U.K.-based Gravitricity is planning to deploy its gravity-based energy storage solution at a decommissioned coal mine in Czechia. The project is part of a plan to commence a full-scale, 4-8 MW prototype scheme in a disused mine next year.
The record efficiency was obtained thanks to an interlayer placed between the electron-transporting layer and the perovskite layer, which eliminated the need for passivation. The cell was also able to retain around 90% of its initial efficiency after 500 hours under standard illumination.
The 210 mm module can reach a power output of up to 703.6 W and a power conversion efficiency of 23.08%. The result was confirmed by Germany’s TÜV SÜD.
Developed by Swedish manufacturer Azelio, the system stores renewable energy in recycled aluminium and has an electrical and thermal energy output, with a total efficiency of 90 %. One unit’s storage capacity reaches 165 kWh of electrical output and on top of that thermal energy between 55-65 degrees Celsius. Its modular configuration allows the deployment of projects with a capacity of up to 100 MW.
Singapore-based VFlowTech has secured funds to scale up manufacturing of its vanadium redox flow batteries. The company currently offers three modular products that can be scaled to multi-megawatt-hour systems.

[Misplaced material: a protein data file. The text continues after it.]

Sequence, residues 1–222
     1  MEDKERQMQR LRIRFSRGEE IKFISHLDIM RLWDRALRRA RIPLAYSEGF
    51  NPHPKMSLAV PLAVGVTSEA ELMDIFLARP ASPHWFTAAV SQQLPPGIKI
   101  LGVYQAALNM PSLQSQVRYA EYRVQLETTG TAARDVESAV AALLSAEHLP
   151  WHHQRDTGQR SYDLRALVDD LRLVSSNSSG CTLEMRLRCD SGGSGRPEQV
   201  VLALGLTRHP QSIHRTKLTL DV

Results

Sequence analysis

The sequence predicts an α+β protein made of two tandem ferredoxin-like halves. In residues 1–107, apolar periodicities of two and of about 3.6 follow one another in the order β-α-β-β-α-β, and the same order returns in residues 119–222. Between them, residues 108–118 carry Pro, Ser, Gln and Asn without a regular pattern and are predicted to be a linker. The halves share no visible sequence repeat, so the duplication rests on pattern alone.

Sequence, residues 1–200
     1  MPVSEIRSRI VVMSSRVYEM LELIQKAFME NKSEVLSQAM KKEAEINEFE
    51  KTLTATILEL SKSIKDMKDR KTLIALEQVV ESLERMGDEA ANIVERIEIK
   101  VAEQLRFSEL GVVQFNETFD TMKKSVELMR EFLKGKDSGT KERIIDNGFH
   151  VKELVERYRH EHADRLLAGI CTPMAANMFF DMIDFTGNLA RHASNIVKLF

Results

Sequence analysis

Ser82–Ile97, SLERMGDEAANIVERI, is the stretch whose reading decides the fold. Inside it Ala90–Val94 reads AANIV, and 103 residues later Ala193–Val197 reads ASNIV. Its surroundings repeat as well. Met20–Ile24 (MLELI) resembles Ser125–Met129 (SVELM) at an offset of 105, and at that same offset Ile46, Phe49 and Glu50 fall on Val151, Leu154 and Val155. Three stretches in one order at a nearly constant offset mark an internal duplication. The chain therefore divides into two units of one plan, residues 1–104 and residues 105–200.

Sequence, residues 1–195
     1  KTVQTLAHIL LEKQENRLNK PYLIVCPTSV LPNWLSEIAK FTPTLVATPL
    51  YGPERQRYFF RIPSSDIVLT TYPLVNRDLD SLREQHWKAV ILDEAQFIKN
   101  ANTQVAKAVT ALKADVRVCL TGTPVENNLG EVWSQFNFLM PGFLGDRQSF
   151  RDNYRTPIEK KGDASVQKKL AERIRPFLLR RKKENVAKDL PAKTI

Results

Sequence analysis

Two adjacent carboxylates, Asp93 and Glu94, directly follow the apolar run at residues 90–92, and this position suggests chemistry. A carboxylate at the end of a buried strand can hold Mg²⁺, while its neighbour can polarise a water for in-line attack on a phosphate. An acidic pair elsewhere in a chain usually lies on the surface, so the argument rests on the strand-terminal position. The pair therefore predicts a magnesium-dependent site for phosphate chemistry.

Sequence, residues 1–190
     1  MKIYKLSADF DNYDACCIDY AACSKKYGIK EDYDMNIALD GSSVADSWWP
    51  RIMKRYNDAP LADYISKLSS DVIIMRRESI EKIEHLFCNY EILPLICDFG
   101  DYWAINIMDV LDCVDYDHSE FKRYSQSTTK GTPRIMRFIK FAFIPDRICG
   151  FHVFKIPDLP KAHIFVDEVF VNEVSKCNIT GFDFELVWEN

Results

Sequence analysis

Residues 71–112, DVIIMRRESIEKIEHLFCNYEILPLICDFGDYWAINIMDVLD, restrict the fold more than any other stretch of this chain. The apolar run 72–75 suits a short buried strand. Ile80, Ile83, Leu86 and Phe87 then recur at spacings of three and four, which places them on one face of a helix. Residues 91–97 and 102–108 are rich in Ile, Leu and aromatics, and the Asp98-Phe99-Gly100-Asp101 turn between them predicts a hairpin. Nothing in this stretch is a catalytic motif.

Vietnamese manufacturer Irex has announced a new glass-glass solar panel with a power output of 265 W and a power conversion efficiency of 18.1%.
The system has dimensions of 834×417×1,766 mm and weighs 205 kg including the design panel. It achieves an electrical efficiency of 56% and can be connected with a hot water storage unit.
A group of international researchers has observed how non-radiative charge recombination occurs in organic PV and claims to have identified a potential solution that could bring this solar tech closer to crystalline silicon in terms of power conversion efficiency.
Closed-loop pumped-hydro storage offers more chances to minimise environmental effects on water sources and overcomes the problem of finding suitable sites. According to an Australian research team, closed-loop systems could prevail on open-loop systems in the future and this trend is confirmed by another group of scientists from the United States.
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